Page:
Did My Story Generate Outrage Over the Outrage that Will Outrage People About All This New Outrage?
Reader RS sent me this:
Just thinking, while this Blood Heir iron is hot. What are we — “we” being everyone who thinks the whole affair is insane — even trying to achieve here? How are we intending to achieve it? Or are we just peddling outrage?
With the Iron Law of Institutions [my link] being what it is, the dominant voices of YA Lit Twitter have no reason to care what we say. The disapproval of yourself, Cathy Young, et cetera, could even be a way for them to rise within the institution, even if it's echoed by the mainstream. And, poor a motivator as that would be, I'm not convinced the institution in question will suffer any harm either. Is there any reason to believe things in that area won't just settle back into the status quo the minute the spotlight is off?
Is there a way out of this cycle of impotent outrage?
As a general rule, anyone who writes about outrage should be honest with him- or herself: Outrage over outrage is itself a form of outrage, and can lead to the same negative results when it rampages unchecked. But this line of thinking can certainly be taken too far, into Mr. Gotcha territory: You say you are opposed to outrage, and yet your story caused just that! Gotcha. (Not that that was what RS was doing — his email was thoughtful.)
I definitely agree, given the aforementioned Iron Law and how human psychology works, that a story like mine, or the others that have been written about this incident and YA Twitter in general, will cause some in that community to simply double down. I saw this yesterday on Twitter: The immediate reaction, from the community’s most hardcore members, was that I had caused “harassment” of the figures mentioned in my article (by accurately recounting their public statements and the eventual effects of those statements). Yet more outrage!
Zoom out a little, though: A lot of people don’t understand how online-outrage dynamics work yet. They don’t understand just how quickly rumor-mongering can spin out of control, and the extent to which, in the worst instances, online outrage can have very negative real-life consequences. Now, when I cover a story like this one, or the story of the Texas woman who was driven out of her home by a Breitbart-spawned online mob, or the story of Vic Berger having to deal with Mike Cernovich’s bullshit, is part of me hoping people are outraged and therefore click and read and share? Of course. That’s what every writer wants.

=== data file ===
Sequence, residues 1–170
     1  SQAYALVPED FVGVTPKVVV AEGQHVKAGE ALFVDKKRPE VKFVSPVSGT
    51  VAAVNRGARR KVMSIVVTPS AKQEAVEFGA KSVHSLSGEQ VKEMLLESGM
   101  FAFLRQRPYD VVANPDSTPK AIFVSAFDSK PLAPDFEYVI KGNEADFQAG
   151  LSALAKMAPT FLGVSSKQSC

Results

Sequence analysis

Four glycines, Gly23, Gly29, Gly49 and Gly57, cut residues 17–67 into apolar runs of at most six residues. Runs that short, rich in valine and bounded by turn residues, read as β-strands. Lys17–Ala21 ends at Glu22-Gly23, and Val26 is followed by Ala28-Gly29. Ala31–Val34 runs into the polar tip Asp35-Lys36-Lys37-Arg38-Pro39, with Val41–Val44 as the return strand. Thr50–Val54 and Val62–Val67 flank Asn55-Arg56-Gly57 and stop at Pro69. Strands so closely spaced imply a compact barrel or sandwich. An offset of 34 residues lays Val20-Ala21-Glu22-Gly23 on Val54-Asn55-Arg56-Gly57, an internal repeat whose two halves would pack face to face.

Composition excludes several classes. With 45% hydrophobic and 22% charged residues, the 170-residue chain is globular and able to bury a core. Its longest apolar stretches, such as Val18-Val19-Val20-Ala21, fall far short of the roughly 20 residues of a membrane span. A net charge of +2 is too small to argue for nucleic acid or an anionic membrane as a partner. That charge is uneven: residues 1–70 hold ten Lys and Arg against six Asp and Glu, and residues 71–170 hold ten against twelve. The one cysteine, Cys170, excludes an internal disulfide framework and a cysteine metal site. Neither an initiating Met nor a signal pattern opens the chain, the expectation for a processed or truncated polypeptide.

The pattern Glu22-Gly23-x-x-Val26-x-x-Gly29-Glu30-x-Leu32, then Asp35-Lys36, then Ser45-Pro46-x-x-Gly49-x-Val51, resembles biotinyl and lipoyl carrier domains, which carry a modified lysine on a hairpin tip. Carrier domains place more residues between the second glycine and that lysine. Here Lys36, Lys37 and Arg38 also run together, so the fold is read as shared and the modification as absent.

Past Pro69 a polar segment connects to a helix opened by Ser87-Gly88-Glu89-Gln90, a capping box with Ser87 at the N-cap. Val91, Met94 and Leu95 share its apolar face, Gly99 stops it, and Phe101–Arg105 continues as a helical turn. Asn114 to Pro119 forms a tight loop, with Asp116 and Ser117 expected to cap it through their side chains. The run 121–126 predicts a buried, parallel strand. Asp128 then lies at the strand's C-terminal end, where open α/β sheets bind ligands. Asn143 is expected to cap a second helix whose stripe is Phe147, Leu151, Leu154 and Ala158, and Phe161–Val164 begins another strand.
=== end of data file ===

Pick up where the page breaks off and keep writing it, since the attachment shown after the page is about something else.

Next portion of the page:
But I also hope readers simply learn something from these stories about our weird and hyperkinetic online environment, and that as a result their behavior is nudged a millimeter or two. Given how these dynamics tend to play out, maybe don’t immediately share that nasty online rumor you see circulating. Maybe understand that the outrageous claim you see at noon is likely to be supplanted by a more nuanced account of events a few hours later.
So yes, when this stuff gets written about it does contribute to a cycle of escalating outrage. But I’m not really sure what to do about it, because I do think this sort of journalism is useful, too. It isn’t outrage for the sake of outrage. And I’m outraged you would even ask me a question like that.
Questions? Comments? Unadulterated internet fury? I’m at email@example.com, or on Twitter at @jessesingal.